Consumer Reports tests also found that sometimes cheaper means cheap. Roughly 11 percent of Consumer Reports subscribers the organization surveyed were sorry they hadn’t spent more on their mattress. Two low-buck models support that lament. Ikea’s innerspring Sultan Holmsta costs just $550 but proved mediocre for side support and subpar for back sleeping. And while the foam Spa Sensations SPA-1000Q may seem like a steal at only $360, this Walmart model scored lowest in Consumer Reports’ durability tests, which use an 308-pound roller to mimic the eight to ten years of use common for mattresses.
Some foam mattresses were so soft that sleepers can sink in, feel engulfed, and find it hard to change positions—something sleepers typically do several times during the night. That held true for four models CR tested, including the relatively pricey Beautyrest ComforPedic Loft Crestwood Luxury Plush and Sealy Posturepedic Optimum Inspiration.
Any mattress that shows sags or lumps belongs by the curbside. As CR’s test-performance Ratings detail, many of the best mattresses fall within the roughly $800 to $1,200 most people spend. Here are some other tips to consider as you shop:
- Don’t buy into firmness claims. About half of these mattresses proved softer than advertised in CR’s tests. And a firmer mattress isn’t necessarily better for your back. Instead, use CR’s scores for back and side support as a guide. Then try any mattress you’re considering by lying on it for at least 10 minutes on each side, your back, and your stomach if that’s how you sleep. More than 80 percent of subscribers who did so said they were still satisfied later.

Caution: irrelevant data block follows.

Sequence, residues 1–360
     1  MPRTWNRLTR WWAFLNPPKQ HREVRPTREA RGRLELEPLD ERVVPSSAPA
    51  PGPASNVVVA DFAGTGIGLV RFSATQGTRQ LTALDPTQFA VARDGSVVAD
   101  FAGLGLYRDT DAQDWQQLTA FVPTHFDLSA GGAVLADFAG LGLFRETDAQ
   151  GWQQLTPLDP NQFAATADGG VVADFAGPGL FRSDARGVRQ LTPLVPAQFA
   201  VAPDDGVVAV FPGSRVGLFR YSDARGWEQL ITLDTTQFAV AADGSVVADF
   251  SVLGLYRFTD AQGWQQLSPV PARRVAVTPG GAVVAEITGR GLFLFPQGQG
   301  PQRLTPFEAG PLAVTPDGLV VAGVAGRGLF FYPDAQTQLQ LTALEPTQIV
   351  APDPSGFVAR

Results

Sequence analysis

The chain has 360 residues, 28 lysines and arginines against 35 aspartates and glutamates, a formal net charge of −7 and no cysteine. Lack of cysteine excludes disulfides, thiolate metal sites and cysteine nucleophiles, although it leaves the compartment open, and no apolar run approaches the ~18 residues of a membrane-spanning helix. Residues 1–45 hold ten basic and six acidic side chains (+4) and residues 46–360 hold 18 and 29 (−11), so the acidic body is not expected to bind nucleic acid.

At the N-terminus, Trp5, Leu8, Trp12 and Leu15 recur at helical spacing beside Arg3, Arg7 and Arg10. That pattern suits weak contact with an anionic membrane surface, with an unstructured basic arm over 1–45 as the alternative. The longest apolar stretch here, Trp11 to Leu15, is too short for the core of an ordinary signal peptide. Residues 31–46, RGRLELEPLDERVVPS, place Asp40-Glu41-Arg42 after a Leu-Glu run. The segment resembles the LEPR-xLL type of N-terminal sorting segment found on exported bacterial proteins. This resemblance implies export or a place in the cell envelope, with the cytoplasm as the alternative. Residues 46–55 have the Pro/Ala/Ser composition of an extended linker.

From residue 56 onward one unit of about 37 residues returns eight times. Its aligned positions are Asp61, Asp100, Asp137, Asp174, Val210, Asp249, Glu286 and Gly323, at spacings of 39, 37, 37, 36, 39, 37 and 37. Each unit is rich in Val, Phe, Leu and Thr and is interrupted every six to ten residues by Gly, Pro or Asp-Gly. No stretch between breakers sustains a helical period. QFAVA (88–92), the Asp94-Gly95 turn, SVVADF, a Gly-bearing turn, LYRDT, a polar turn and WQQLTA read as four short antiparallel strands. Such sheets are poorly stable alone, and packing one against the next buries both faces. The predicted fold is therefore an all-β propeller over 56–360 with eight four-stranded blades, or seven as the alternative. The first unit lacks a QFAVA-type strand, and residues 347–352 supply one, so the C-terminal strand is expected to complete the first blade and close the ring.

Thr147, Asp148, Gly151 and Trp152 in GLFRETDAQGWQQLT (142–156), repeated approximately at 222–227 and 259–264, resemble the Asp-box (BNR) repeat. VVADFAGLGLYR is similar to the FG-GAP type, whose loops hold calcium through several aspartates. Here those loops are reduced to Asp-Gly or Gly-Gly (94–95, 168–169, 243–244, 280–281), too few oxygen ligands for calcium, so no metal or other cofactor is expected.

- Don’t buy solely by brand. Nearly 13,000 subscribers in a separate survey found the Tempur-Pedic, Ikea, Original Mattress Factory, Novaform, and Sleep Number brands most comfortable, the Sealy, Serta, Simmons, and Stearns & Foster brands less so. But as CR’s test Ratings show, different models within the same brands can perform very differently. And while Sleep Number’s $3,000 Innovation Series i8 topped CR’s tests, the organization’s research shows that the brand’s Classic C2—a $699 “limited-time introductory model price” Sleep Number advertised as Consumer Reports went to press—differs notably in construction, with a much thinner foam layer.
- Shop during the holidays, and haggle. Huge markups and profit margins often let retailers lower prices by 50 percent or more, especially during major holidays. That also leaves plenty of room for haggling all year-round: Roughly one third of our survey respondents slashed $185 or more off the price by doing just that.
The complete ratings of all 24 mattresses, including models from Serta, Beautyrest, Sealy, Tempur-Pedic, Chalres P. Rodgers, Stearns & Fosters, Ikea, Ashley Sleep and other popular brands, are available http://www.ConsumerReports.org, starting January 7th, 2014.
Consumer Reports is the world’s largest independent product-testing organization. Using its more than 50 labs, auto test center, and survey research center, the nonprofit rates thousands of products and services annually. Founded in 1936, Consumer Reports has over 8 million subscribers to its magazine, website and other publications. Its advocacy division, Consumers Union, works for health reform, product safety, financial reform, and other consumer issues in Washington, D.C., the states, and in the marketplace.